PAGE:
By Zubeida Mustafa
In an article in these pages last week, Barbara Ellen (I wonder what’s her age) referred to a new study that said that we could end up living up to the age of 130. She expressed amazement at the upbeat nature of these reports.
She warned that the chances are that at 130 we will feel 130-years old and not 18. How right she is. For as a transplant surgeon from Germany once remarked, “The challenge is not to add years to life but to add life to years!”
It is a miracle of medical science that one can aspire to be 130 and still not be considered off one’s rockers. But the elixir of youth continues to evade the health scientists. Doctors can elongate your life. But they cannot make you young again. The sooner one accepts this truth the better it would be for his/her peace of mind.
A few decades ago, a person who crossed his sixtieth birthday was considered to be old. In those days the retirement age was 55, after which a person could go home and prepare to meet his Maker. Today, in recognition of the fact that people still have a lot of healthy living in them after 55, the retirement age in Pakistan has been increased to 60.
In the West, they have gone further and people are expected to call it a day at 65 and still look forward to a decade or two of active life. But can those extra years that one gets be put to good use?
The fact is that while age is measured in absolute terms in the number of years one has lived, being old or young is something relative.
A young mother of 28 was taken aback by the surprised reaction of the mother of a little girl who was the friend of her five-year-old daughter. After introductions, she was informed that her daughter had been telling her friend that her mother was really very old! Can you blame the child? After all 28 is a long way to go when you are five.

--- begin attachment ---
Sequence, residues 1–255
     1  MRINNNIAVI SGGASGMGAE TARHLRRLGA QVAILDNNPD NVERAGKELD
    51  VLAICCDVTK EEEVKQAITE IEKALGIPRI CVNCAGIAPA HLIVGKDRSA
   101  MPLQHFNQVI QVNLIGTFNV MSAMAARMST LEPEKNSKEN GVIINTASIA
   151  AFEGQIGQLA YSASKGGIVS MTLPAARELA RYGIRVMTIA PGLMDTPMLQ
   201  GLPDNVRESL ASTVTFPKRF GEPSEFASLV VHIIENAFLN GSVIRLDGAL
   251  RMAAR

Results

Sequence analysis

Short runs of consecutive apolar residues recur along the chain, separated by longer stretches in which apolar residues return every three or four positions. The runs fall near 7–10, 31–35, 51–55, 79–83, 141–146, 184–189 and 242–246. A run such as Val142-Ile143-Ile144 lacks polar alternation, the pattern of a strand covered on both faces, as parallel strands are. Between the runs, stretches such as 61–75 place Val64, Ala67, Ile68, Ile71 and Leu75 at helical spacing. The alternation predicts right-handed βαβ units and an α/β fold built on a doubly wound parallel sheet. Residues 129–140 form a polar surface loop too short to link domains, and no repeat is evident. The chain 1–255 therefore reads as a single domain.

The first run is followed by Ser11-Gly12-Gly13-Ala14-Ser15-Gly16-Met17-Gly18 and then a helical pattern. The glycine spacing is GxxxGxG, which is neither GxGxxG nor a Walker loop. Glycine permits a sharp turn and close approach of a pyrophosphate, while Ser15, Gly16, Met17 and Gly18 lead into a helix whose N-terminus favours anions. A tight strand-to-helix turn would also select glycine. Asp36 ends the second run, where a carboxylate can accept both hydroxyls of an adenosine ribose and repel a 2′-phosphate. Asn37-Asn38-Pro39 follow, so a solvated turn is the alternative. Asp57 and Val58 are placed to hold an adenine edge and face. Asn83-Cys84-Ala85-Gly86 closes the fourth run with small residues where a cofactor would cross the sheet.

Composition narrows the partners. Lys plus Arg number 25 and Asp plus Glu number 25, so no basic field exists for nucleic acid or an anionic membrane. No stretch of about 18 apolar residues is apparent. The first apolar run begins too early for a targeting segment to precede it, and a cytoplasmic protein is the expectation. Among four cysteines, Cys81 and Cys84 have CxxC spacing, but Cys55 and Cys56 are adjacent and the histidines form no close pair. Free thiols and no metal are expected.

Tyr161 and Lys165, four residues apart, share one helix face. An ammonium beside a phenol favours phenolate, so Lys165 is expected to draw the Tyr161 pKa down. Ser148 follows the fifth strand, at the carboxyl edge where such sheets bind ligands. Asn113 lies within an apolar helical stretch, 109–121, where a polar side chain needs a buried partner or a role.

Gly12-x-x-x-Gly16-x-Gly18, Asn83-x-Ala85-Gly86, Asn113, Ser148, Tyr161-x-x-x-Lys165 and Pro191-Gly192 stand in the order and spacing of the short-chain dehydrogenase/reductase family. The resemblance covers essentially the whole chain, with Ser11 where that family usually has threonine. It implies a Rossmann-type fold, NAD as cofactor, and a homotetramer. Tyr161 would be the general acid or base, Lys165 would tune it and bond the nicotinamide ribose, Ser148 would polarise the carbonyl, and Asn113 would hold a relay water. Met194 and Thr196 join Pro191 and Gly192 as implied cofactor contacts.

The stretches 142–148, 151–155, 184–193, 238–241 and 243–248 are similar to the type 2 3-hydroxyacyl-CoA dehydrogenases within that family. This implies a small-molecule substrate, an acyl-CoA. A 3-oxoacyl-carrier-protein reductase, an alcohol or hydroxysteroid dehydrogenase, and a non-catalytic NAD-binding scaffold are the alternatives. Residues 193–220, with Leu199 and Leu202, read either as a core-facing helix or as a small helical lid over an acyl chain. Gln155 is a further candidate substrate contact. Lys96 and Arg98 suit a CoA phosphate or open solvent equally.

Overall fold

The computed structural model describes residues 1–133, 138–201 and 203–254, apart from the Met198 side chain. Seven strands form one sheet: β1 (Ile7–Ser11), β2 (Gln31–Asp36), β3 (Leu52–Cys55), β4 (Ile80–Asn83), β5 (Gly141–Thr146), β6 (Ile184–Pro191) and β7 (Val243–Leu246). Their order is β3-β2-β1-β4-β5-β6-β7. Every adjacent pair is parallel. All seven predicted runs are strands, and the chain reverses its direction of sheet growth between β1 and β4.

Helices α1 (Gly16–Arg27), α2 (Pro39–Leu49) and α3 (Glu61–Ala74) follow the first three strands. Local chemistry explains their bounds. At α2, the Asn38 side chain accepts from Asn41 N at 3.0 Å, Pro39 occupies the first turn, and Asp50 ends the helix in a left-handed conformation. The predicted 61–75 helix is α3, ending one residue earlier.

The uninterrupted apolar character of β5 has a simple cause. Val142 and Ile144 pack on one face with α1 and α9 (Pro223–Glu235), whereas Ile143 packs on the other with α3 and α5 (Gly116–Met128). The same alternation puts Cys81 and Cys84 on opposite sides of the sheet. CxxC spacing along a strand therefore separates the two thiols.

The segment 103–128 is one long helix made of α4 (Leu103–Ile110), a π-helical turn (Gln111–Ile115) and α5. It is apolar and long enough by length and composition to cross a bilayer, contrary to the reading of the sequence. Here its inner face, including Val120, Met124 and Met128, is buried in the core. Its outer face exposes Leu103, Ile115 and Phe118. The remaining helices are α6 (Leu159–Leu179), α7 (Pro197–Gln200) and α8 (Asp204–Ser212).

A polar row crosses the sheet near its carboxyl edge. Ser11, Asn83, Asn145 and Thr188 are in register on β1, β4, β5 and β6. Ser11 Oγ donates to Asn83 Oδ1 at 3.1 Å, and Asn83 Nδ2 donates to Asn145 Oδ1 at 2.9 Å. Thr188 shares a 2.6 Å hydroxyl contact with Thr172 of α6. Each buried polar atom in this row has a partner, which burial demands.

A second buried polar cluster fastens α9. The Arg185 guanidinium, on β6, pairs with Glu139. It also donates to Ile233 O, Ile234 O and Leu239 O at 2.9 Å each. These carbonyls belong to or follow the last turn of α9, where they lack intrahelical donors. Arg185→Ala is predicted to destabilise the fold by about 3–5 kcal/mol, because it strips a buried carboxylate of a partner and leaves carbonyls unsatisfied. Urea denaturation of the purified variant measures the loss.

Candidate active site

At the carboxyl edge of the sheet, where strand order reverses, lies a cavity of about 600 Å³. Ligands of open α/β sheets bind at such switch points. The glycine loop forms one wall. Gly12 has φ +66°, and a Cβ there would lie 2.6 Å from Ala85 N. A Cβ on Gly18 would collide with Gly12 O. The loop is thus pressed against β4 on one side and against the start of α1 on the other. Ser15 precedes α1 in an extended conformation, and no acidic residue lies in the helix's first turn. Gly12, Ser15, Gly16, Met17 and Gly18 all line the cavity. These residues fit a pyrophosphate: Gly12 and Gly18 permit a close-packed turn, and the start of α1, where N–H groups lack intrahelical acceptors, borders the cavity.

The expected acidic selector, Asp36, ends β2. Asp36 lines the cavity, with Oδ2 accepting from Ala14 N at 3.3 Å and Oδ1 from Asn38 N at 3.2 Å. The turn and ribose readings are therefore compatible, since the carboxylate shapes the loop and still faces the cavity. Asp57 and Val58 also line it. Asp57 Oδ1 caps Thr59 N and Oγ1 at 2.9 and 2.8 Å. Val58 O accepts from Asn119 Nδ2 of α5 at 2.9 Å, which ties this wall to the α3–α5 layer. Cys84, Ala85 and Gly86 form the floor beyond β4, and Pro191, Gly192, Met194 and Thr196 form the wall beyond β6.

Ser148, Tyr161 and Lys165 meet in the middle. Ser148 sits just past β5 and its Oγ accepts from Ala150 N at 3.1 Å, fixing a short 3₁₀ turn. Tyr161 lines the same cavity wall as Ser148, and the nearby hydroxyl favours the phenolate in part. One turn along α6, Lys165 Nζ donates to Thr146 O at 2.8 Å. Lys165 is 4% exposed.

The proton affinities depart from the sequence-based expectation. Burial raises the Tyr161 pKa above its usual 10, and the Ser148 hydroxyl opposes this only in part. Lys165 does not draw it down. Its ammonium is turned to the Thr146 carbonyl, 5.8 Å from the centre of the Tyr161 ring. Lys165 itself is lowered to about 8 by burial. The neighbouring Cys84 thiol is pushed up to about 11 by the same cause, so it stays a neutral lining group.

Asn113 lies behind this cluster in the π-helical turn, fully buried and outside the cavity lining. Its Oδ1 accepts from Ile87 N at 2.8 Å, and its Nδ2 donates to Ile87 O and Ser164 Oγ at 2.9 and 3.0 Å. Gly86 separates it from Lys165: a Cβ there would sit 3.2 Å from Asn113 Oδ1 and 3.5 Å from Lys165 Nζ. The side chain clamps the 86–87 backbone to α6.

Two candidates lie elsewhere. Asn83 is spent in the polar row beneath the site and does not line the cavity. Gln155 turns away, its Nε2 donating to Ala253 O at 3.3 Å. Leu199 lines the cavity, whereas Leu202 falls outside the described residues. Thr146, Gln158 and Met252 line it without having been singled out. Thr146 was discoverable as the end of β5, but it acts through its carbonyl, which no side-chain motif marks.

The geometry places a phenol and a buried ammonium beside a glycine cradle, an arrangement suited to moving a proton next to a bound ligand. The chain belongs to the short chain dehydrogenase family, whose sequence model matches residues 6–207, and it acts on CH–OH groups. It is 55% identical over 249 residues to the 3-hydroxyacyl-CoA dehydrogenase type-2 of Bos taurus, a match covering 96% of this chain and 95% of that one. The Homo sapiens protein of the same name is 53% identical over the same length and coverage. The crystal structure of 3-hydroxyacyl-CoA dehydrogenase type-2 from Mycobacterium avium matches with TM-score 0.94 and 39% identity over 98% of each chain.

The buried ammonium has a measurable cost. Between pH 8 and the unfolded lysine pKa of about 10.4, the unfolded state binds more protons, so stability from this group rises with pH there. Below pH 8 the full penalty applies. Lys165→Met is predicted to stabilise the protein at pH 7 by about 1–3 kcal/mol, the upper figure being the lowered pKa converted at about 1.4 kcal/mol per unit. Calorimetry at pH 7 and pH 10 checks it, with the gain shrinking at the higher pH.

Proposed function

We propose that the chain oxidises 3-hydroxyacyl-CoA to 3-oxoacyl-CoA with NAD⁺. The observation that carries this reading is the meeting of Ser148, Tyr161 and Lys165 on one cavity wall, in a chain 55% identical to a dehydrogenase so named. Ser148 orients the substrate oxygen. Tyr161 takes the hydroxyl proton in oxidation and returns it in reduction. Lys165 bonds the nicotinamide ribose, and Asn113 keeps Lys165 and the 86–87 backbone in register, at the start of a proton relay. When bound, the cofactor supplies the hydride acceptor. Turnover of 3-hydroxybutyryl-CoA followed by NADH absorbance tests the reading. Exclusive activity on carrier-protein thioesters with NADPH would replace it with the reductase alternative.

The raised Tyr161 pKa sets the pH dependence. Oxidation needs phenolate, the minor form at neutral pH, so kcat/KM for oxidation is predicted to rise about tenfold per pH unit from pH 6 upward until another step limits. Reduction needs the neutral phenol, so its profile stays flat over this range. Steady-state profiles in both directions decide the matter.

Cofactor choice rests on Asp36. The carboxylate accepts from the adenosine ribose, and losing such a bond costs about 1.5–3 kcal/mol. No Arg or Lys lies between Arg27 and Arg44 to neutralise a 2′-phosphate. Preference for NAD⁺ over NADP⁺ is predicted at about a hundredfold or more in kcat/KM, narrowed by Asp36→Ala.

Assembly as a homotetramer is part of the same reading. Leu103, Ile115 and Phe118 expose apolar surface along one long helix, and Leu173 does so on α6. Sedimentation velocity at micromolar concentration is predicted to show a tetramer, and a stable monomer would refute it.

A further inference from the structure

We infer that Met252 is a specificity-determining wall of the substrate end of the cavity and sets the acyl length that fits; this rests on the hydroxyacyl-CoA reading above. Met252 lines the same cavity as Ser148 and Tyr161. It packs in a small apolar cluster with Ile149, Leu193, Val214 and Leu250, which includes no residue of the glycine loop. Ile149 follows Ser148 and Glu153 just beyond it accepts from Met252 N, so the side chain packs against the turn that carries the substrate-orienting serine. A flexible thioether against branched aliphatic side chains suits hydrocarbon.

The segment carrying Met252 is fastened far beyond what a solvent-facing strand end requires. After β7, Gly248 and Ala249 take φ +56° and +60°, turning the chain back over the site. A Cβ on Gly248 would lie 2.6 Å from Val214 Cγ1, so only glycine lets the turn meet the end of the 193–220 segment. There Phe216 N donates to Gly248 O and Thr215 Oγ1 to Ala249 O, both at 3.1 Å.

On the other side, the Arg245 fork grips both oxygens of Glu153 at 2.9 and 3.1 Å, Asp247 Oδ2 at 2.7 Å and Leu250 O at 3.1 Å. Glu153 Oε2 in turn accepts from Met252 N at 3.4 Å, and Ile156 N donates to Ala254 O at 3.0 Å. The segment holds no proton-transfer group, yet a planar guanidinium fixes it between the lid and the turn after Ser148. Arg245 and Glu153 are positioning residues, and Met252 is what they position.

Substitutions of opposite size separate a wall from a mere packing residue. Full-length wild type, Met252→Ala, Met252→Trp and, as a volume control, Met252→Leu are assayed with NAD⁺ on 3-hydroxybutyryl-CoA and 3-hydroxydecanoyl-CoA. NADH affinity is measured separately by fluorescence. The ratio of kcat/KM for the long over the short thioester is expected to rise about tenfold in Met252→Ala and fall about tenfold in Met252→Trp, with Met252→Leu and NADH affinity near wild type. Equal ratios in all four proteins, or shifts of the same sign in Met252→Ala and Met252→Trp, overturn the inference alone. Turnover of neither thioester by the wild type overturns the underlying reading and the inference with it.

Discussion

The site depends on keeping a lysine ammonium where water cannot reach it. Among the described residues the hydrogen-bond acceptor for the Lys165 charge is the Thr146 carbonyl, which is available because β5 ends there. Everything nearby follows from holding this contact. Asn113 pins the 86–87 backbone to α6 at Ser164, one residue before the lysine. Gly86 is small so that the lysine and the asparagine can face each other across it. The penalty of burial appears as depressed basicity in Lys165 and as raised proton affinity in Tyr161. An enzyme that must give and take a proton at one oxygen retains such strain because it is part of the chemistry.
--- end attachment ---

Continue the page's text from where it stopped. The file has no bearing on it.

Conversely, the death of two colleagues in the women’s movement in Pakistan (Shehla Zia and Saniya Husain) and earlier a human rights activist (Maisoon Hussein), in their early fifties, appeared to me as their being snatched away at a very young age. But when my grandmother had died at the same age when I was ten, I had perceived her as being old.
This relativity does affect our attitudes towards age and life. If you are young at heart you will remain young, it is said by many who don’t want to grow old. They would rather look forward to reaching the ripe old age of 130! But the fact is that you cannot defy the physical (and to some extent the mental) process of ageing. You may slow it down somewhat but that, too, not indefinitely.
Hence the over eager health fanatics Ms Ellen talks about are in a way right in their craze. They are not all aspiring for the target of 130. Ask any of them and they’ll tell you that their aim is that till whatever age they live, they should be healthy [wealthy] and wise and not fit the profile Ms Ellen draws of old age.
Those who are walking and exercise buffs will vouch for their non-interest in longevity. For them it is more important that they are not laid up for five years after a stroke and before they make their exit. Who wants to be constrained by restrictions of all kinds to protect their unhealthy hearts from further strain.
What about those who huff and puff around because their lungs have been damaged by their smoking like a chimney. And all this at the ripe old age of 45 — the magic figure mentioned by Ms Ellen.
The pity is that many of us who claim that one is as young/old as one feels, do things which will ensure premature aging. They indulge in the luxury of eating, drinking and other excesses which are only the privilege of the youth. But they consider themselves to be 35 when they are 60!
The sensible ones are those who adjust their lifestyle to suit their biological age. It is nice if one remains cheerful and enthusiastic about living. But for a 63-year-old to do what a 36-year-old does is ridiculous. May be he suffers from dyslexia.